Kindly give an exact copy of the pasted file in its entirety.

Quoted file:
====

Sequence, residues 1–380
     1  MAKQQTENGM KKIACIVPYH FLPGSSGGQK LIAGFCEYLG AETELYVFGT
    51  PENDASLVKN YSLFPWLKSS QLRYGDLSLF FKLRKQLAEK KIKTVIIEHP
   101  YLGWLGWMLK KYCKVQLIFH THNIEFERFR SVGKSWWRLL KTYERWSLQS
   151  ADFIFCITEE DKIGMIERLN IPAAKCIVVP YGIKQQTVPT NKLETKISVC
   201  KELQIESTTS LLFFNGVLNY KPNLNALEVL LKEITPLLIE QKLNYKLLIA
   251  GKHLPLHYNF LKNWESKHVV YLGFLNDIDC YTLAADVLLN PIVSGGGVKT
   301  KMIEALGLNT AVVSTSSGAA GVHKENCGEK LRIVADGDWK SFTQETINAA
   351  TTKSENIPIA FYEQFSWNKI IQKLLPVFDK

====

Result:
Sequence, residues 1–380
     1  MAKQQTENGM KKIACIVPYH FLPGSSGGQK LIAGFCEYLG AETELYVFGT
    51  PENDASLVKN YSLFPWLKSS QLRYGDLSLF FKLRKQLAEK KIKTVIIEHP
   101  YLGWLGWMLK KYCKVQLIFH THNIEFERFR SVGKSWWRLL KTYERWSLQS
   151  ADFIFCITEE DKIGMIERLN IPAAKCIVVP YGIKQQTVPT NKLETKISVC
   201  KELQIESTTS LLFFNGVLNY KPNLNALEVL LKEITPLLIE QKLNYKLLIA
   251  GKHLPLHYNF LKNWESKHVV YLGFLNDIDC YTLAADVLLN PIVSGGGVKT
   301  KMIEALGLNT AVVSTSSGAA GVHKENCGEK LRIVADGDWK SFTQETINAA
   351  TTKSENIPIA FYEQFSWNKI IQKLLPVFDK